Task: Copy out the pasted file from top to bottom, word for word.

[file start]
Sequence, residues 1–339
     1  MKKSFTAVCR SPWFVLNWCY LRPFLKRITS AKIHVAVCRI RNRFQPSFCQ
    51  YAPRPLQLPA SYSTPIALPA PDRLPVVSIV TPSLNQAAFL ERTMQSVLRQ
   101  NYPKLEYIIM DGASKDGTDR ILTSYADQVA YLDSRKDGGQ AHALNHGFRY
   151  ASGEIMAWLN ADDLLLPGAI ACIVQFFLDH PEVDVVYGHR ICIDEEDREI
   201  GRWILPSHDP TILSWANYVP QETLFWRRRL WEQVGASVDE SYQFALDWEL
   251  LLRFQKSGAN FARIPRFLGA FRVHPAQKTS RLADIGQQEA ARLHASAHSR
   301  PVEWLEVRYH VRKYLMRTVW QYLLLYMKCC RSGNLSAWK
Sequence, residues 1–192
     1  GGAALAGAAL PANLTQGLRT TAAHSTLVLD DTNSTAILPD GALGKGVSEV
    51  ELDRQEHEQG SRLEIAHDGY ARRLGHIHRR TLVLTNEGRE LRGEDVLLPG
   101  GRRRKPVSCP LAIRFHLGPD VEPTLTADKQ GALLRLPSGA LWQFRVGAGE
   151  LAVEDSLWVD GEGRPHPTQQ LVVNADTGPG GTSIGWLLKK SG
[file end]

Sequence, residues 1–339
     1  MKKSFTAVCR SPWFVLNWCY LRPFLKRITS AKIHVAVCRI RNRFQPSFCQ
    51  YAPRPLQLPA SYSTPIALPA PDRLPVVSIV TPSLNQAAFL ERTMQSVLRQ
   101  NYPKLEYIIM DGASKDGTDR ILTSYADQVA YLDSRKDGGQ AHALNHGFRY
   151  ASGEIMAWLN ADDLLLPGAI ACIVQFFLDH PEVDVVYGHR ICIDEEDREI
   201  GRWILPSHDP TILSWANYVP QETLFWRRRL WEQVGASVDE SYQFALDWEL
   251  LLRFQKSGAN FARIPRFLGA FRVHPAQKTS RLADIGQQEA ARLHASAHSR
   301  PVEWLEVRYH VRKYLMRTVW QYLLLYMKCC RSGNLSAWK
Sequence, residues 1–192
     1  GGAALAGAAL PANLTQGLRT TAAHSTLVLD DTNSTAILPD GALGKGVSEV
    51  ELDRQEHEQG SRLEIAHDGY ARRLGHIHRR TLVLTNEGRE LRGEDVLLPG
   101  GRRRKPVSCP LAIRFHLGPD VEPTLTADKQ GALLRLPSGA LWQFRVGAGE
   151  LAVEDSLWVD GEGRPHPTQQ LVVNADTGPG GTSIGWLLKK SG